Josephine County's budget problems are a fresh wound, but now deeper cuts are projected for the coming year.
NBC 5's Jennifer Elliott visited county officials to find out just how much they expect to lose.
Just how much more can Josephine County cut?
According to county officials, apparently another 10 percent. It's on the chopping block for the 2013-2014 year.
Scraping the bottom of the barrel.
"Overall the proposed budget last year was around 74 mil and it's dropping to 63 mil," says Chief Financial Officer Rosemary Padgett.
At tuesday's budget committee meeting, Padgett broke the news: without a new source of revenue the overall county budget would drop 10 percent.
"With no increased revenues we're actually utilizing reserves, once those reserves are gone -- they're gone," she says.
On top of that, Padgett says they'll have to cut nearly 16 full- time equivalent positions, including 4.85 from the Sheriff and District Attorney's Office, and the Juvenile Justice Department.
"This is in addition to the layoffs we did last year which was 125 F.T.E's county wide and 90 in the sheriff's office," says Padgett.
As it is, for anyone who's ever called the Josephine County Sheriff's office, you'll know reaching an actual person is no easy feat.
"There's only 3 deputies working and we just can't get to these calls," says Sheriff Gil Gilbertson who we spoke with about the projected cuts.
"I know if I don't get some additional funding this next year, I will have to lay some people off," he says.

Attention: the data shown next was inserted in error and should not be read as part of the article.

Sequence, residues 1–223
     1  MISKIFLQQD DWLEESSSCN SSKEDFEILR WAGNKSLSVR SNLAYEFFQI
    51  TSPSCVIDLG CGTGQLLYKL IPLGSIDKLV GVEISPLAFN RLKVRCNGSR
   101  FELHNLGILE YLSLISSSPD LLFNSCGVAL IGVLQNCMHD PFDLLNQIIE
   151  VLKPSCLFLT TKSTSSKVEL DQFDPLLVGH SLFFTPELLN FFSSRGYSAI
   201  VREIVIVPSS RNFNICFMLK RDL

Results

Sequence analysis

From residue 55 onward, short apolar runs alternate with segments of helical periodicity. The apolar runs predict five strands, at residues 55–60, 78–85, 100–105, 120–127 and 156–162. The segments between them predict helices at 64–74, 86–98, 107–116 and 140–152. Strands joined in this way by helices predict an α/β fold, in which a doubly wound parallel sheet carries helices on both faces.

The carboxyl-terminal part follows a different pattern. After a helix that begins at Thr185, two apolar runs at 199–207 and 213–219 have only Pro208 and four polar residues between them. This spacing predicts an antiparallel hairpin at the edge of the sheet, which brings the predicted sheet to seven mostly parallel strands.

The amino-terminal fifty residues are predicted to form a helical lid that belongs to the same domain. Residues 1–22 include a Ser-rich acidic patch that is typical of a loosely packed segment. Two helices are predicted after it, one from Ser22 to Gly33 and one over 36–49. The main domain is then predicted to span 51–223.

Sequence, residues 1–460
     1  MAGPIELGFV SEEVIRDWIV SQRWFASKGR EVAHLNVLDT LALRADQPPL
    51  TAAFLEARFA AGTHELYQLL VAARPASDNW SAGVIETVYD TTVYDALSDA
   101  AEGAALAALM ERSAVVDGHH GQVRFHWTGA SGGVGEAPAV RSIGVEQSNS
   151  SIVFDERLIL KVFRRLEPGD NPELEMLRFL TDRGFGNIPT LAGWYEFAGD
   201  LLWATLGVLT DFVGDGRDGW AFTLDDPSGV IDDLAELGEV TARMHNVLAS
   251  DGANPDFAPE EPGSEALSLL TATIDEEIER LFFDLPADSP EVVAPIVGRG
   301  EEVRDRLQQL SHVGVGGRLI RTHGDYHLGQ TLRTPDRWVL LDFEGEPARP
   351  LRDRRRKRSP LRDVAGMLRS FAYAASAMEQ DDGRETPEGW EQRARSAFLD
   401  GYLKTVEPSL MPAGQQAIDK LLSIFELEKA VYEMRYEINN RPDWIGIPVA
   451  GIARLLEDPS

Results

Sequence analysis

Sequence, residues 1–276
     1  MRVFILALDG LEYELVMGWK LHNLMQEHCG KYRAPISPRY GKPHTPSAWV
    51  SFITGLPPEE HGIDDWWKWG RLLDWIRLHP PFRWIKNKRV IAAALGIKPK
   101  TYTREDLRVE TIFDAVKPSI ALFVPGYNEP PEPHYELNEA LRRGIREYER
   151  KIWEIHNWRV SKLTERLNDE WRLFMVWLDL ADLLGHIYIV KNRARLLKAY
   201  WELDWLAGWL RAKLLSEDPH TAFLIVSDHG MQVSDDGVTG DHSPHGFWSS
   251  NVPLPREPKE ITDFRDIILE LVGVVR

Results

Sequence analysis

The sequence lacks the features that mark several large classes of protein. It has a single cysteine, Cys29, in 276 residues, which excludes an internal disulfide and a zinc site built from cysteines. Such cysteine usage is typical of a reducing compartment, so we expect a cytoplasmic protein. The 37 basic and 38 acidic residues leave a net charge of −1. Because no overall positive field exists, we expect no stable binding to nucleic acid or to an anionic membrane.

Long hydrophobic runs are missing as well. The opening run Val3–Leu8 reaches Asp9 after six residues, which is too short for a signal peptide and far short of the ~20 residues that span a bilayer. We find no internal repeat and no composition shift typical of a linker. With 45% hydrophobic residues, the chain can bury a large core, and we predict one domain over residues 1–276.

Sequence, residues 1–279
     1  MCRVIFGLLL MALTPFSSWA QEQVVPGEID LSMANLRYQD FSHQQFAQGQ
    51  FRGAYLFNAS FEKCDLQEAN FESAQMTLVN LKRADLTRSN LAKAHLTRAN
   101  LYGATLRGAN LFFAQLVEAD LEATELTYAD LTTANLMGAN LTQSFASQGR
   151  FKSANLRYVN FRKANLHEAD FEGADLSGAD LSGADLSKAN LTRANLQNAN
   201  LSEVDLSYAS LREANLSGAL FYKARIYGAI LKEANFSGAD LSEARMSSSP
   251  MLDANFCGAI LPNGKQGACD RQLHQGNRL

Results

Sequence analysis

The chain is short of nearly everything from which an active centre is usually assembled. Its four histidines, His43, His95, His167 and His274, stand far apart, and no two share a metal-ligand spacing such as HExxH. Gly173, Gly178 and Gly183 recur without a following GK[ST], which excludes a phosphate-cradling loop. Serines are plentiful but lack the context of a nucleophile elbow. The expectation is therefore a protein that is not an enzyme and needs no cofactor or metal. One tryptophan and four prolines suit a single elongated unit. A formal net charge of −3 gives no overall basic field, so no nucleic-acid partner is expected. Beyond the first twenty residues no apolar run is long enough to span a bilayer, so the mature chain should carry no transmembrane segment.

If the cuts happen, he says he'll drop to one deputy for the entire county and could even... " I have to keep a minimum of 21 people, if I fall below that we'll have to close the jail," says Gilbertson.
However, there is the three-year proposed levy on the May 21st ballot. If passed ---property taxes would increase $1.48 per 1 thousand dollars assessed value and bring in 9.1 million dollars to the criminal justice and public safety programs a year.
"With the levy I would be able to put more people on the road and put more people in the jails," says Gilbertson.
So, since last years 12 million dollar budget shortfall, will residents now vote for a levy?
"We did vote yes for this because it will be at least some help for us," says resident Diane Thompson.
Resident Shari Kinney says, "I would."
Darren Stevens tells us, "I'm voting no... cause it seems we give them money and it doesn't do any good."
"We're asking the citizens to step up and pay for the services that we think adds to the quality of life in Josephine County. It's hard because our citizens have never before had to do that," says Padgett.
Josephine County at the crossroads of another proposed budget cut predicament.
Members of the Budget Committee will meet several times before adopting a budget.